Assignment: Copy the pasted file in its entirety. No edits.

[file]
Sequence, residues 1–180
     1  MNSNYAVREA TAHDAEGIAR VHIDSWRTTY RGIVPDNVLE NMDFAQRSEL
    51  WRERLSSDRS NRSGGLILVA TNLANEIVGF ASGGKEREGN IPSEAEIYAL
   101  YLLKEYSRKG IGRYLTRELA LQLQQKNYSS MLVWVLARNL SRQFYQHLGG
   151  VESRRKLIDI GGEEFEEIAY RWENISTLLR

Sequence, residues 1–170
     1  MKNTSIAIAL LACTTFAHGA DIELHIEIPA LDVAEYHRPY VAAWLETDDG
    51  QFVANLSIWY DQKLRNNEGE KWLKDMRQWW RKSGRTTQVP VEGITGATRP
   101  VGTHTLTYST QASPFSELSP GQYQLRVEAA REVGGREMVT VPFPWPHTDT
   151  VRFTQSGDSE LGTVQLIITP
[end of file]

Sequence, residues 1–180
     1  MNSNYAVREA TAHDAEGIAR VHIDSWRTTY RGIVPDNVLE NMDFAQRSEL
    51  WRERLSSDRS NRSGGLILVA TNLANEIVGF ASGGKEREGN IPSEAEIYAL
   101  YLLKEYSRKG IGRYLTRELA LQLQQKNYSS MLVWVLARNL SRQFYQHLGG
   151  VESRRKLIDI GGEEFEEIAY RWENISTLLR

Sequence, residues 1–170
     1  MKNTSIAIAL LACTTFAHGA DIELHIEIPA LDVAEYHRPY VAAWLETDDG
    51  QFVANLSIWY DQKLRNNEGE KWLKDMRQWW RKSGRTTQVP VEGITGATRP
   101  VGTHTLTYST QASPFSELSP GQYQLRVEAA REVGGREMVT VPFPWPHTDT
   151  VRFTQSGDSE LGTVQLIITP